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Project Title: Persuasion in Preventative Medical Texts 1848-1914
My research will examine the persuasive language of preventative medicine in the late nineteenth and early twentieth centuries, investigating how individuals were persuaded to protect and preserve their health. Given that a considerable portion of disease is preventable, it is crucial to recognise how individuals are influenced to act, and yet, it is intriguing that the language of preventative medicine has been significantly neglected in scholarship. There is a wealth of under-researched textual evidence from the Victorian and Edwardian eras demonstrating that topics such as diet were prominently discussed, contrary to the hyper-modernisation of prevention as a twenty-first century phenomenon.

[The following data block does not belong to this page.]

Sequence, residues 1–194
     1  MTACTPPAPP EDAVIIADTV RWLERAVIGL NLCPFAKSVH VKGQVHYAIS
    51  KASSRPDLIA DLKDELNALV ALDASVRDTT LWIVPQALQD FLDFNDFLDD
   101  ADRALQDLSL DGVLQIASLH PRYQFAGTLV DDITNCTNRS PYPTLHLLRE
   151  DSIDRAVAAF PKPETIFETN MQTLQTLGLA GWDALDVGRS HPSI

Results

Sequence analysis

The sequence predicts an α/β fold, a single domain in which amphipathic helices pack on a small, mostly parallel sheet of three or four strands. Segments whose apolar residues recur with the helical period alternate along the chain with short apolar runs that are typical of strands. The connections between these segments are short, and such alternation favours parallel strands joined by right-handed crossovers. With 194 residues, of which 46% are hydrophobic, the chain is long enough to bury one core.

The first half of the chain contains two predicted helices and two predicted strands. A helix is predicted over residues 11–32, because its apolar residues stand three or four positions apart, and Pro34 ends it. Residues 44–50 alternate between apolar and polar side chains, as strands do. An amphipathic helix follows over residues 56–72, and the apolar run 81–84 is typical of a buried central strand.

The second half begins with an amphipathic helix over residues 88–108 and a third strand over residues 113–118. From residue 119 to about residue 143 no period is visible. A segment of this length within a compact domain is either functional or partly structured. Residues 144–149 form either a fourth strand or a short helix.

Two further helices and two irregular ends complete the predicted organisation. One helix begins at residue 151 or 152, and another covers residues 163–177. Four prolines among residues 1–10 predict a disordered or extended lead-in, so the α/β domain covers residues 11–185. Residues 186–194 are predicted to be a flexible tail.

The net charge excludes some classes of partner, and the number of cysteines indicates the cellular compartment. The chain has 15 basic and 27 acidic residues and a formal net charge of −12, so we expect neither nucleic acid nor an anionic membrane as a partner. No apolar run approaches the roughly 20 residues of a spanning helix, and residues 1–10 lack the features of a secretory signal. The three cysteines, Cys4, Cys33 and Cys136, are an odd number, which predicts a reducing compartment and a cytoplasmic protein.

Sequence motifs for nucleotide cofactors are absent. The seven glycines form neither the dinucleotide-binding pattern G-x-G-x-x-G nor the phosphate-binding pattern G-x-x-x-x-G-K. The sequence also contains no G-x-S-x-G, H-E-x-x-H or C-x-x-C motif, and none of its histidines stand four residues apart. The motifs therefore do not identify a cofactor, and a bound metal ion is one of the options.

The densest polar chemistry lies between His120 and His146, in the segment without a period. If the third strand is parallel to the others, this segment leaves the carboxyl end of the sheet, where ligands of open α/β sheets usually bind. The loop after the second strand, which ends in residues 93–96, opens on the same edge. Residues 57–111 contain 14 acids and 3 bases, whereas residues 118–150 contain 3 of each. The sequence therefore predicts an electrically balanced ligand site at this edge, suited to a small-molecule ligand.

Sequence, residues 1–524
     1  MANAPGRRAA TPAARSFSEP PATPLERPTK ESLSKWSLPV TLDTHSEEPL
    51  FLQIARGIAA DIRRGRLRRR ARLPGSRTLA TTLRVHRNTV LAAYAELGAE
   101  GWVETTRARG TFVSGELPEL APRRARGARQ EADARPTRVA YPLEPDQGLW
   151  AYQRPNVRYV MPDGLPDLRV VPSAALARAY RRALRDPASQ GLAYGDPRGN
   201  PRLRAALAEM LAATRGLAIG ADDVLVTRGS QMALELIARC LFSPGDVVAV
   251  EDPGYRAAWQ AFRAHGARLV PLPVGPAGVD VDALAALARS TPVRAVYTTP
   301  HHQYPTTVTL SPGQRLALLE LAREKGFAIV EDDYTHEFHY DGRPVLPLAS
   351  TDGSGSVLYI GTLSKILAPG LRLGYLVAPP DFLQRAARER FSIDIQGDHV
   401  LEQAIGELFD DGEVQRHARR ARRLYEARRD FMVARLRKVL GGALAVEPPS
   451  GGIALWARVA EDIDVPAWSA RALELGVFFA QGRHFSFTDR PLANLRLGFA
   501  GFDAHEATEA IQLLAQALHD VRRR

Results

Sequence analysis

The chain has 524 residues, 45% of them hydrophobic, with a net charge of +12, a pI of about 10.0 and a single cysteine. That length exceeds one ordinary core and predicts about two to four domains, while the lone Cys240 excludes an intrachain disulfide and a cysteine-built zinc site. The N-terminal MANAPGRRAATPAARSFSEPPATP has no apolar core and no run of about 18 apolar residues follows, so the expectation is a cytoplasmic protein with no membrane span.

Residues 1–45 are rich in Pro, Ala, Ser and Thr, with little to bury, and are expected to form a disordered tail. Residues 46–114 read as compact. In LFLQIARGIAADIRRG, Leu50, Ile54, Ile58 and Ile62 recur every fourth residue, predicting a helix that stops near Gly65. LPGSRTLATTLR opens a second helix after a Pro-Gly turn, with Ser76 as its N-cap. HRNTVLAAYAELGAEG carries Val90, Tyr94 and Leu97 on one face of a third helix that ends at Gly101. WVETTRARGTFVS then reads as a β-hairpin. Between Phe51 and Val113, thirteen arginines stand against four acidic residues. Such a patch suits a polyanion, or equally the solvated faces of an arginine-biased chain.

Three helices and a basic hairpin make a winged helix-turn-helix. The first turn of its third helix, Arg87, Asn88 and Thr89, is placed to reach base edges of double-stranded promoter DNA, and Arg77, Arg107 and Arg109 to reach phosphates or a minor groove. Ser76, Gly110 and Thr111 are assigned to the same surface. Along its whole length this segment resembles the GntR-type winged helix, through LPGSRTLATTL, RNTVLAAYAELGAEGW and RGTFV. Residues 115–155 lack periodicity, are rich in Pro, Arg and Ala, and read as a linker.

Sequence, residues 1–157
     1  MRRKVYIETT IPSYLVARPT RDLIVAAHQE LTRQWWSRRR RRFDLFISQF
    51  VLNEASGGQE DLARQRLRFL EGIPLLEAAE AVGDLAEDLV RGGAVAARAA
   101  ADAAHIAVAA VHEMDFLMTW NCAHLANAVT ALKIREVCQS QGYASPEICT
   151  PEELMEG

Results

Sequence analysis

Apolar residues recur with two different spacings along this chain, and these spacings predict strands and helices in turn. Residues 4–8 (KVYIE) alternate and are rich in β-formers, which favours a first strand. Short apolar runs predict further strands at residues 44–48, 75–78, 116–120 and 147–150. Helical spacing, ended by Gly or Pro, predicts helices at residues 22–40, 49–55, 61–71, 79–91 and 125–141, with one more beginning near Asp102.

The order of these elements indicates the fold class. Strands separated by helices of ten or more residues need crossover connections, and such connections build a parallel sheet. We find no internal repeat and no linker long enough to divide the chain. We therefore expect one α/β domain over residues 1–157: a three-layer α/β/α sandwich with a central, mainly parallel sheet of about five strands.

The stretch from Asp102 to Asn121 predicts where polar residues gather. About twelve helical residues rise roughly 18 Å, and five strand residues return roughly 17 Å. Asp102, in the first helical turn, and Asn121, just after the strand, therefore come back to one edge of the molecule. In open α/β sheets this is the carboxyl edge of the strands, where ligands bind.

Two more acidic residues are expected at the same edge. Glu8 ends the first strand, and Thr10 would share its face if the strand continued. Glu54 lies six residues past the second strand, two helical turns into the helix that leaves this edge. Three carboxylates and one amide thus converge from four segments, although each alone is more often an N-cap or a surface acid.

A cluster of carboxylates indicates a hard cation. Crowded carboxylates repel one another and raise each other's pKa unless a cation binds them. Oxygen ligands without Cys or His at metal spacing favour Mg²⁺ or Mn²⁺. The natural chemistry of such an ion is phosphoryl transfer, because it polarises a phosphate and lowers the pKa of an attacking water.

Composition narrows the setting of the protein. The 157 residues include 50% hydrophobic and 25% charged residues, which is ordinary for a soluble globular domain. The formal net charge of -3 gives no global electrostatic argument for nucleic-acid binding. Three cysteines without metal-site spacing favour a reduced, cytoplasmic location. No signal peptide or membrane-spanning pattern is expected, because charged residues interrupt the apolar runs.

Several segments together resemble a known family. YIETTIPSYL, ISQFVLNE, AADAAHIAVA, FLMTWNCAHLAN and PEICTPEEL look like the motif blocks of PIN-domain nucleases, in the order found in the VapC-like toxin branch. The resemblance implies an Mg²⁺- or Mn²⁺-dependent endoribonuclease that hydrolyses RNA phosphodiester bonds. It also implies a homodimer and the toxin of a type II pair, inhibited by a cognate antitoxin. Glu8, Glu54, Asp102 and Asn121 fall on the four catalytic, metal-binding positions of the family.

My methodology will draw on research from a multitude of interrelated areas, spanning communication studies, classical rhetoric, and modern linguistics. This multi-layered approach allows for the classical approach to rhetoric to be complemented by recent advances. Through this I aim to compare the texts based on several factors, primarily the type of publication and the type of preventative behaviour.
This PhD is particularly topical considering current efforts to promote ‘prevention over cure’. Through analysing Victorian and Edwardian discourses of prevention, this research will improve our understanding of the roots of preventative medicine in Britain, contextualising issues which remain paramount today.
Awarded: Carnegie PhD Scholarship
Field: English Language & Linguistics
University: University of Glasgow